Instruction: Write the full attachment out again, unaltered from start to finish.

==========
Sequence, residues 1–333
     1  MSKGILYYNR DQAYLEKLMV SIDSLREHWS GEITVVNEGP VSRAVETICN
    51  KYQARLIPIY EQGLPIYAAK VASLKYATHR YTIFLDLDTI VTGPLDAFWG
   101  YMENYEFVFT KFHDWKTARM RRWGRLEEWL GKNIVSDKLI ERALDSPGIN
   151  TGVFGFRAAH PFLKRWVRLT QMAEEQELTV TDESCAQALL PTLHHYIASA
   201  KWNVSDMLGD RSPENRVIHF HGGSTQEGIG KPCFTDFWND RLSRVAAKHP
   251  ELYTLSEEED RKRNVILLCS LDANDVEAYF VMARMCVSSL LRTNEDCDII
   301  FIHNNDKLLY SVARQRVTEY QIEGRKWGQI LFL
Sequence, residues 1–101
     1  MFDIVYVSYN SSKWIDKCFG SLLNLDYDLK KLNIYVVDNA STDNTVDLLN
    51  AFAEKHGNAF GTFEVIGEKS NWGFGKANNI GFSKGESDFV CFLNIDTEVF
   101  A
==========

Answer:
Sequence, residues 1–333
     1  MSKGILYYNR DQAYLEKLMV SIDSLREHWS GEITVVNEGP VSRAVETICN
    51  KYQARLIPIY EQGLPIYAAK VASLKYATHR YTIFLDLDTI VTGPLDAFWG
   101  YMENYEFVFT KFHDWKTARM RRWGRLEEWL GKNIVSDKLI ERALDSPGIN
   151  TGVFGFRAAH PFLKRWVRLT QMAEEQELTV TDESCAQALL PTLHHYIASA
   201  KWNVSDMLGD RSPENRVIHF HGGSTQEGIG KPCFTDFWND RLSRVAAKHP
   251  ELYTLSEEED RKRNVILLCS LDANDVEAYF VMARMCVSSL LRTNEDCDII
   301  FIHNNDKLLY SVARQRVTEY QIEGRKWGQI LFL
Sequence, residues 1–101
     1  MFDIVYVSYN SSKWIDKCFG SLLNLDYDLK KLNIYVVDNA STDNTVDLLN
    51  AFAEKHGNAF GTFEVIGEKS NWGFGKANNI GFSKGESDFV CFLNIDTEVF
   101  A